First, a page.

As the 17th Conference of the Parties (COP) to the UNFCCC kicks off in Durban this week, negotiators hope to build upon progress made during 2011 to govern the Clean Development Mechanism (CDM) and Joint Implementation (JI) more effectively. Coupled with the positive sentiment that has been seeping from recent negotiations en route to Durban via largely pre-negotiated texts, progress is expected but expectations remain low.
The CDM has been in transition for some time. While it has grown substantially since 2005, with 3,600 projects in 81 countries now registered and some 780 million tonnes of carbon mitigation generated, a cloud of uncertainty looms as only 13 months remain until the end of the first commitment period for the Kyoto Protocol (KP).
The CDM and JI will continue so long as the KP remains legally binding, but there is a lack of clarity in the KP’s legal provisions for the mechanisms beyond the first commitment period. Fortunately, the KP has no specific mention of a ‘termination’ clause, and therefore its mechanisms and bodies cannot simply (legally) disappear after 2012, but uncertainties make for difficult market conditions for investors and other stakeholders.
The head of the UNFCCC, Christiana Figueres, has spent a good part of the year since COP16 in Cancun remaining optimistic about the future of the CDM and JI. “It is evident that there is uncertainty with respect to the future of the [CDM] market or markets for one very simple reason: the carbon market stems from a political agreement… the CDM has been improved, reinforced and enhanced constantly since its birth and that process will continue. The CDM will not drop off a cliff.”
While the flexibility mechanisms may be able to survive, some are considering the potential to fill in current and pending gaps with the introduction of alternative mechanisms to the CDM and JI. These alternatives may garner some attention during the conference in Durban, including a proposal from Japan for a new carbon offset mechanism that does not contain the political nature of the CDM.
Initially launched in South East Asia, Japan’s bilateral offset carbon mechanism turns attention toward African countries where only 2% of all projects registered are currently based (see Climatico article for more information), and pays particular attention to 12 countries with little or no development in offset projects. Although the lack of CDM projects based in Africa has received little attention during negotiations thus far, with an African country hosting this year’s COP, it may be the right time to make much needed progress.
Expectations for Durban
Any negotiating time left for the Parties to put together a meaningful plan for post-2012 considerations of Kyoto’s flexibility mechanisms is quickly slipping away. However, major breakthroughs regarding extending, or more crucially not extending, the Kyoto Protocol and its commitments are not expected to take place in Durban. Many developed countries remain staunchly against extending a commitment period without similar emission targets for the major developing economies (India, China, etc.) who themselves are arguing for a new and additional binding agreement that is inclusive of the United States.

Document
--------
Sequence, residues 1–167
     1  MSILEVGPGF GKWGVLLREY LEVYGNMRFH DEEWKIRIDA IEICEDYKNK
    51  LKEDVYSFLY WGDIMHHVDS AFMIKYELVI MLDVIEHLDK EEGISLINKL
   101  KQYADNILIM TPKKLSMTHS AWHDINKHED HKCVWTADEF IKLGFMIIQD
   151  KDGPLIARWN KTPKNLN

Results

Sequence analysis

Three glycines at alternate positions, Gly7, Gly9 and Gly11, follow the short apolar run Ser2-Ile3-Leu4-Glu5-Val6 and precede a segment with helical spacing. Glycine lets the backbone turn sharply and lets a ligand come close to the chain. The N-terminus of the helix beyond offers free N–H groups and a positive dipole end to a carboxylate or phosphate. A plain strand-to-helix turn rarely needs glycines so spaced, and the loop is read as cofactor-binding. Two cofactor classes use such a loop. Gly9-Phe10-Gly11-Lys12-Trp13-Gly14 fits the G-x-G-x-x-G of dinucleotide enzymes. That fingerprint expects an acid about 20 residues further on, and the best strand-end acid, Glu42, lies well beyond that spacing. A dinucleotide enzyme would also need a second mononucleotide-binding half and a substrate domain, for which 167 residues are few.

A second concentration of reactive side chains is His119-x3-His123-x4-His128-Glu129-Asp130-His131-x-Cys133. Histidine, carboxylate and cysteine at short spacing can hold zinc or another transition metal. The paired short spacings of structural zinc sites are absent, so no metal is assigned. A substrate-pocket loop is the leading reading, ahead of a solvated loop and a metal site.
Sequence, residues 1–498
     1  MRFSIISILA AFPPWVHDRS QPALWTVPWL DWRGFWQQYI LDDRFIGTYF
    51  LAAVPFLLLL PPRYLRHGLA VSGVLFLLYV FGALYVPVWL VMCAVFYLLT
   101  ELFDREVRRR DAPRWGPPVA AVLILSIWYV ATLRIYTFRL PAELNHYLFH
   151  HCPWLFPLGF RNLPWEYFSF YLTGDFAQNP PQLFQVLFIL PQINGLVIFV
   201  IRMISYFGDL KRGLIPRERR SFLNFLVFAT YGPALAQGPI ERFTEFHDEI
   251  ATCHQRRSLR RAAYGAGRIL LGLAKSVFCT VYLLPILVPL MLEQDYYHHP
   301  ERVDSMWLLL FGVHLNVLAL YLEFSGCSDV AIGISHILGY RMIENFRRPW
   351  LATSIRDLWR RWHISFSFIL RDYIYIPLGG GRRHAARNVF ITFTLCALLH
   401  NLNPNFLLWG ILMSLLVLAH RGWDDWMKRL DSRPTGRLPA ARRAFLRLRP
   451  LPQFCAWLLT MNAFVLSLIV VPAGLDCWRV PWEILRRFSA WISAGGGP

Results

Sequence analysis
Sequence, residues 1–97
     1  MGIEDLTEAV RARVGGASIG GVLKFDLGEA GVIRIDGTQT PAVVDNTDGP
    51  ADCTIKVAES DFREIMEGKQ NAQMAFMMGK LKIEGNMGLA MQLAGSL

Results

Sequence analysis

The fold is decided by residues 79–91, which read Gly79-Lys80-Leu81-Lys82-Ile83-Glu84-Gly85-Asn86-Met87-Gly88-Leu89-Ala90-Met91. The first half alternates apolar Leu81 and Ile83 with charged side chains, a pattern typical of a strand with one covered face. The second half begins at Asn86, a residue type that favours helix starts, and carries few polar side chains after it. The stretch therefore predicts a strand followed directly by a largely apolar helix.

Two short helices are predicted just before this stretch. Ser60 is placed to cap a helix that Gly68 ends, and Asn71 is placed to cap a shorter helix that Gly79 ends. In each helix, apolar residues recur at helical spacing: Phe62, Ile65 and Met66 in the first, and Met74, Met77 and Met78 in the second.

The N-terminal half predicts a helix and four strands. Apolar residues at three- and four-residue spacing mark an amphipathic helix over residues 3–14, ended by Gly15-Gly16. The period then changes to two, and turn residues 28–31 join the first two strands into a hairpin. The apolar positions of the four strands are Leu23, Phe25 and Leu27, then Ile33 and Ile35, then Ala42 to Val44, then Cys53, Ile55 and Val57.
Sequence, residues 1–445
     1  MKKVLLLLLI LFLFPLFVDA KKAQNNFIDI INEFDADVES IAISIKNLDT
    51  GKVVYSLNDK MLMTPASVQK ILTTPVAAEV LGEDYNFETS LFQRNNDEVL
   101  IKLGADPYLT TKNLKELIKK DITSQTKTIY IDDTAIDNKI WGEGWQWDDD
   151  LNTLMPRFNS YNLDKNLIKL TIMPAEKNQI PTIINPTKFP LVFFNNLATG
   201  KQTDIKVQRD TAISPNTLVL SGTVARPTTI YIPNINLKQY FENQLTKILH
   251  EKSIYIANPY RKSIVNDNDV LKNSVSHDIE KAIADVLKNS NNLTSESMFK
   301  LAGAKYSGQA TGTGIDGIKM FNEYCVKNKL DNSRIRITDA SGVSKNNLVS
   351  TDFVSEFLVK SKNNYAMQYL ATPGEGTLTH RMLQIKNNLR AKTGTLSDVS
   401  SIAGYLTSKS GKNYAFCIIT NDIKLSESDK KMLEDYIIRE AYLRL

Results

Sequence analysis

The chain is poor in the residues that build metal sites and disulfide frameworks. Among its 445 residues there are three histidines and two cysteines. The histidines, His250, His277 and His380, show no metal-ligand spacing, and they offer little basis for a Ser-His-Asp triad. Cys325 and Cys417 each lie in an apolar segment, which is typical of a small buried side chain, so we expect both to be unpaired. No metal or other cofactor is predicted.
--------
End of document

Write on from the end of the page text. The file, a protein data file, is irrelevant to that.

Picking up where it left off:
This sentiment was further concreted after the Guardian this week revealed that ‘rich nations’, led by the EU, have quietly admitted that no new global deal would be reached by 2012, a target date established two years ago at the COP conference in Copenhagen. Instead they aim for a roadmap to be developed in Durban that now targets 2015 for a deal.
It is likely then that there will be a gap of some sort between the KP and Long-term Cooperative Action (LCA) tracks. Even if an extension (or otherwise) to the KP is agreed upon in Durban, UNFCCC processes will take more than one year to complete. Previous negotiations focused largely on a second commitment period, taken up first by the AWG-KP, then largely by the LCA (because it is here that the US attends who are viewed by many, including China, as a ‘must have’ for any further commitments). The negotiations will once again take up this point of view, but the flexibility mechanisms may be relegated to a bystander position within the discussions.
Negotiations surrounding the flexibility mechanisms in Durban will therefore likely include: clarification of the roles for the mechanisms, discussion of whether other less prescriptive and legally demanding mechanisms to reduce emissions may exist, and identifying where the CDM and JI fit in with other operational mechanisms such as REDD+, National Appropriate Mitigation Actions, and Climate Finance.
Breakthroughs for the flexible mechanisms in Durban may not be expected, but progress will remain an important ingredient in any outcomes from the COP. As Figueres affirms, “Let’s work hard to find a common, effective way forward, and let’s recognize and build on our successes as they come. The CDM is an important success that Parties need to build on in Durban, with text that reaffirms the mechanism’s continuing usefulness in the international response to climate change.”